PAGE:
Letter to the editor 1, Feb. 4, 2021
‘What to do with the Soulanges Canal?’ (The Journal, January 21, 2021) is a question that has been repeatedly asked over the almost half-century I have lived with it in my view in Les Cèdres. There have been discussions about grandiose plans along the lines of those of the Lachine Canal. Unfortunately there are several problems involved with such ideas being applied to the Soulanges, most preceded with a dollar sign.
Often heard is the concept of opening up the canal to pleasure boating.
Those with such thoughts need to be reminded about why it was built in the first place and the 25-metre height differential between Lake Saint-François and Lake Saint-Louis. Without the lock gates closed there would be another set of rapids, this one man-made. That flow would quickly erode the already deteriorating canal walls.
When the canal was decommissioned in 1958 the Federal Government decided to remove the various swing bridges along its length (except for the last remaining at Coteau-du-Lac) to avoid future maintenance costs. They were replaced with causeways over relatively small culverts so as to allow some water flow and fish movement and also to prevent stagnation. Those too would have to be rethought.
Another major impediment is the lack of space. The right-of-way is quite narrow. The surrounding terrain is, for the most part, precious and protected agricultural land. As is, some of the recent work, for example the toilets at the bicycle path parking lot at Rang Saint-Antoine were squeezed in by reducing the number of already insufficient parking spaces. So now many park on the soft shoulders near there turning them into what looks like a tank training ground.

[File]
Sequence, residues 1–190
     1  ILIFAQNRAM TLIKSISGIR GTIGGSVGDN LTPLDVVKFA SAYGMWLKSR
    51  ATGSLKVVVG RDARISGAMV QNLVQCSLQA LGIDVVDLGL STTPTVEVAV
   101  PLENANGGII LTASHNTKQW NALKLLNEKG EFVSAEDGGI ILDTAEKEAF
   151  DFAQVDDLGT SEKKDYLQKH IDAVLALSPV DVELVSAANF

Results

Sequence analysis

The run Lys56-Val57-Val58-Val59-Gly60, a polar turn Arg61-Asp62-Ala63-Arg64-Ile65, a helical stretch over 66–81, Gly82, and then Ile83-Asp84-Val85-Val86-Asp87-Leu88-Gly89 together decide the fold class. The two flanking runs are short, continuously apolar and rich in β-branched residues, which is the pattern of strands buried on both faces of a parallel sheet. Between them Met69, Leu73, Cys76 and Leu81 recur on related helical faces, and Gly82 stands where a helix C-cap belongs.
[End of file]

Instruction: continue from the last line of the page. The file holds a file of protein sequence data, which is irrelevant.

I think that the biggest obstacle is funding. For the Lachine Canal, banked (sorry, no pun intended) by no-longer viable industrial land and affluent residences that generate big taxes, it was relatively easy. Not so in these sparsely populated boonies. There is even a problem about the high cost to demolish the huge concrete abutments, formerly used by the long-gone swing bridges, in order to gain valuable space or to remove the numerous mooring bollards, slowly rusting away, along the length. That high cost was why the aforementioned toilets were plunked down in the middle of the parking lot instead of closer to the bike path.
Then there is the question about supervision. The Lachine Canal falls under the watchful eyes of the Service de police de la Ville de Montréal (SPVM). The Sûreté du Québec (SQ) are very reluctant to do anything at the Soulanges Canal until reminded that it is provincial crown land and various activities such as illegal camping, poaching, or pooping in the bushes are, in fact, under their jurisdiction. In case anyone wonders, our dogs often find evidence of that last listed activity. Even the reports of drug-dealing in the parking lot here fall under the wire of the distant Saint-Clet SQ detachment which, for reasons unexplained, patrols here rather than the closer Vaudreuil-Dorion post.
Without wanting to sound like a total curmudgeon, I would prefer it remain as is. I would hate to see my property taxes increase with no benefit for me. Indeed, it would only add the decline in the quality of life we enjoy here now. An added influx will only aggravate the existing problems of misuse by non-residents. The only locals who would see a gain are business owners and the developers who turn corn fields into a suburban sprawl of houses, spaced by arms' lengths, sold to those falling to the lure of ‘Country Living.’